BPD Trait: Idealization and Devaluation (Splitting)

I can’t call you a stranger
but I can’t call you

I know you think that I erased you
you may hate me but
I can’t hate you
and I won’t replace you

Relationships are a really murky territory for people with Borderline Personality Disorder. I don’t think I’ve really talked about “splitting” too much yet. This is a pretty commonly used term to basically describe the wild thrashing between idealization and devaluation that’s super characteristic of BPD. People, things, places tend to fall into one of two categories: all good or all bad. There is no in between, no gray area.

The most interesting part of this is that a person (we’re a bit obsessed with our personal relationships so that’s usually where this comes out), can go through cycles of being good or bad depending on what they’ve done recently. Husband surprised me with a shoulder rub? All Good. He is the most perfect being on earth, incapable of harm or wrong doing. He ceases to be human and is now the most incredible lover on the face of this planet, rivaled by none. Oh, now he’s made a snide comment jokingly? All Bad. He is wretched and unfeeling, cold and hurtful. No man lives inside of such a callous shell.

These examples aren’t recent ones because splitting was one of the first BPD traits that I really tackled and confronted so that now it pretty much never happens. Just a nice, quick oversimplification of what it looks like. My internal dialogue, thanks to Cognitive Behavior Therapy (CBT), is something like this, “Wow, I can’t believe he just said that. Well, no one’s perfect. I’m sure he didn’t mean it. I’ll bring it up so he can clarify.” Bing bang boom, super easy, right? Eh, it is now. It wasn’t always. It’s like any other muscle in your brain or body, you have to work it out to learn how to really use it and eventually it becomes a reflex. In the beginning though, a deadlift is far from intuitive.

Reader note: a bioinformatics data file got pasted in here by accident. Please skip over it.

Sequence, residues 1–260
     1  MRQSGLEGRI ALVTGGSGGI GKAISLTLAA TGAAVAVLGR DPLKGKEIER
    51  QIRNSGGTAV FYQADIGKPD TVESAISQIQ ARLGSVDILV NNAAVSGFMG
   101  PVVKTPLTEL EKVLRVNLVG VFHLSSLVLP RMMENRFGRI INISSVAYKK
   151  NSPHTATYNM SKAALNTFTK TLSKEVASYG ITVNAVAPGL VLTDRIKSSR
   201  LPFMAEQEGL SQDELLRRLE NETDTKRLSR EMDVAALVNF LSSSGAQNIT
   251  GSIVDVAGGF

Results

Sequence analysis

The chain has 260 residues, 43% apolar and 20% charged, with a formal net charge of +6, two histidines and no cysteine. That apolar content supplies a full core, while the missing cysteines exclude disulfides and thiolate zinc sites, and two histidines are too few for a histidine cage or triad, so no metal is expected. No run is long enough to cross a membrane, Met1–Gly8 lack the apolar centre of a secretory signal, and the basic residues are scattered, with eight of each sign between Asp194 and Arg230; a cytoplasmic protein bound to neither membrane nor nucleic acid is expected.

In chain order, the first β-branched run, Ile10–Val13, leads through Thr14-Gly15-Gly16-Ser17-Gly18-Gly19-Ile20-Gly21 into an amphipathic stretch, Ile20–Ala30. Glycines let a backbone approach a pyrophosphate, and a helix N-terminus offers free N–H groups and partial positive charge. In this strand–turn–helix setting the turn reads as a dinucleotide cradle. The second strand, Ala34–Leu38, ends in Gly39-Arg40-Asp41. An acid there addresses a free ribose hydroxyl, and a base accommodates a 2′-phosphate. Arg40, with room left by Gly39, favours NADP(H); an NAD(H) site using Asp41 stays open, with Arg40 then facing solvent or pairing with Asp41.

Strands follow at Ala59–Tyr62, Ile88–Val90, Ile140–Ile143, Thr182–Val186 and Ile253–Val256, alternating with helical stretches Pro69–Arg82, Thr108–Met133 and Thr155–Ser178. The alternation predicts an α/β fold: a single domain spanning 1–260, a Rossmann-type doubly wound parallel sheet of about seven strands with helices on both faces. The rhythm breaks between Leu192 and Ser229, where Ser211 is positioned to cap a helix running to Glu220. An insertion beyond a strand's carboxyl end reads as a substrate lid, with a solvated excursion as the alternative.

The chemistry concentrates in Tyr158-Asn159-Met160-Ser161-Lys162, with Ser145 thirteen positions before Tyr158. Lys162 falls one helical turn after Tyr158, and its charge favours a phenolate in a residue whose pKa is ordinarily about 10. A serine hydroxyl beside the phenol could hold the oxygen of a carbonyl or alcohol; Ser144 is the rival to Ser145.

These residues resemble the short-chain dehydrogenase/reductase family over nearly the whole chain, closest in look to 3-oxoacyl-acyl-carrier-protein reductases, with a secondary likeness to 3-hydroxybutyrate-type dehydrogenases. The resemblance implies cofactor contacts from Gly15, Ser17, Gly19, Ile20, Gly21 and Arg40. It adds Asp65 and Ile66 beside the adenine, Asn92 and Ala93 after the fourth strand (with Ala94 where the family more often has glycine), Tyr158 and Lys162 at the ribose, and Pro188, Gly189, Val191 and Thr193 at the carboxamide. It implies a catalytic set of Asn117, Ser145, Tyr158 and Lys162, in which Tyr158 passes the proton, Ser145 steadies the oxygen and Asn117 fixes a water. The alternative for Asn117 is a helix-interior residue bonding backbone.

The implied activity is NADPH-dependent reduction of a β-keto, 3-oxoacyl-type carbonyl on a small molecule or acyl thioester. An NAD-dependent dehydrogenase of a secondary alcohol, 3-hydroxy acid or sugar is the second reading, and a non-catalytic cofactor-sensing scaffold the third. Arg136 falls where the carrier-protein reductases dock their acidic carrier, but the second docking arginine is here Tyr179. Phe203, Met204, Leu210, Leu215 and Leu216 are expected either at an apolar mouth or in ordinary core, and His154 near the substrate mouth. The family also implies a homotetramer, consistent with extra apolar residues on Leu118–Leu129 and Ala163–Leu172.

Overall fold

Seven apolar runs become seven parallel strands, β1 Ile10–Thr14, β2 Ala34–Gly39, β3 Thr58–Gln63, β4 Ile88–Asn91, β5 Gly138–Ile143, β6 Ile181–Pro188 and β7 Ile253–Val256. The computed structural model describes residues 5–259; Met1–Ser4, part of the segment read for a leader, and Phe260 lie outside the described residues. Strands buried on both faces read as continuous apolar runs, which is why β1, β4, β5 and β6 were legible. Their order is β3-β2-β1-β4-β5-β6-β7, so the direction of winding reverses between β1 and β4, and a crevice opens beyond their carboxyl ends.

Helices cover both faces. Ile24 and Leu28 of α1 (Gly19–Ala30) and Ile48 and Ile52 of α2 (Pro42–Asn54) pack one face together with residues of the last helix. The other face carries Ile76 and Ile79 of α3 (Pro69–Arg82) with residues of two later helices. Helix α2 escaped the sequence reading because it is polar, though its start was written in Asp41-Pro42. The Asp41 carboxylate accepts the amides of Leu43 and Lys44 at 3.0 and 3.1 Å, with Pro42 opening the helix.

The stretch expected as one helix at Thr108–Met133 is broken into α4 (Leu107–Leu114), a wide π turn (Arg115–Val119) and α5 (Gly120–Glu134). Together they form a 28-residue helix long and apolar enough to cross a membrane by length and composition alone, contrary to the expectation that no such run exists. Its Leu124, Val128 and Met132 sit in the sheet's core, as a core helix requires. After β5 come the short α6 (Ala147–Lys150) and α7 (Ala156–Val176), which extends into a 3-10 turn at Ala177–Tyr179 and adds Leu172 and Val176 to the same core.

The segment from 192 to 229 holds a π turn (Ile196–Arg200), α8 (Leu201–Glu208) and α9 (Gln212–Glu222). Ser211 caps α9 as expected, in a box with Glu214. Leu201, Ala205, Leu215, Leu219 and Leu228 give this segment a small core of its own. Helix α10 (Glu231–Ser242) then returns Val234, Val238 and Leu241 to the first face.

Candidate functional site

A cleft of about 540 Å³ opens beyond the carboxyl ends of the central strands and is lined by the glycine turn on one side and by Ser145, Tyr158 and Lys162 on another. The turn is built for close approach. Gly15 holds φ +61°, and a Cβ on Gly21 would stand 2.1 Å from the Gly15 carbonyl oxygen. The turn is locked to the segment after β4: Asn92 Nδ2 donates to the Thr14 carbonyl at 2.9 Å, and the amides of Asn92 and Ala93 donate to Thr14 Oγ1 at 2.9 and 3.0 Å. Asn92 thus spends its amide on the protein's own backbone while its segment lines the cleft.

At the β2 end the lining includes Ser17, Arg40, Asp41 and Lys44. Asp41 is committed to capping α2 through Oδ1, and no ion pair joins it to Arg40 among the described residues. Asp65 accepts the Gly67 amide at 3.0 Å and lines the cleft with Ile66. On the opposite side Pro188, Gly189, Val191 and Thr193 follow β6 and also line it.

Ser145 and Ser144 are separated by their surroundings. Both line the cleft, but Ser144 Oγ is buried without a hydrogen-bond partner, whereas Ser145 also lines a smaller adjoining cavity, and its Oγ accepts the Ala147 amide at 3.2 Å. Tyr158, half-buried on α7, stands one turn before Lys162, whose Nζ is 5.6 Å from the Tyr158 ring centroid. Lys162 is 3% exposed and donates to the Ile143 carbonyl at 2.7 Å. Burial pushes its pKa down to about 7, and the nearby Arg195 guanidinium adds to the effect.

Romantic relationships are where this becomes more of a challenge. It used to be each friend, every family member would flip flop between All Good or All Bad depending on what they had done recently. Kick me out of the choir performance? Fuck you, you are dead to me. Invite me to your family’s vacation home? You are the greatest friend I’ve ever had in my entire life, no doubt about it. When getting involved in a romantic relationship – especially a new one – all the old habits come out and it’s a fucking fight to stay level.

My marriage has not always been full-on monogamy. I’d like to write a little more detailed post about our dabbles in having an open marriage at some point but really all you need to know right now is that within the past year or so, I was lucky enough to be in two different relationships in addition to my husband. I know, I’m surprised that many people find me attractive, too.

I’m not sure who’s really to blame for how long it’s taken me to really face my feelings regarding my same sex relationship – culture or my own ignorance. Society always illustrates women sleeping together as experimental, just fun and games, and we did genuinely try to keep it light. It didn’t really last long enough or develop in such a manner that allowed for a great deal of depth but it wasn’t until pretty recently that I realized I had casually cast her in my mind as All Bad following the decay of our relationship.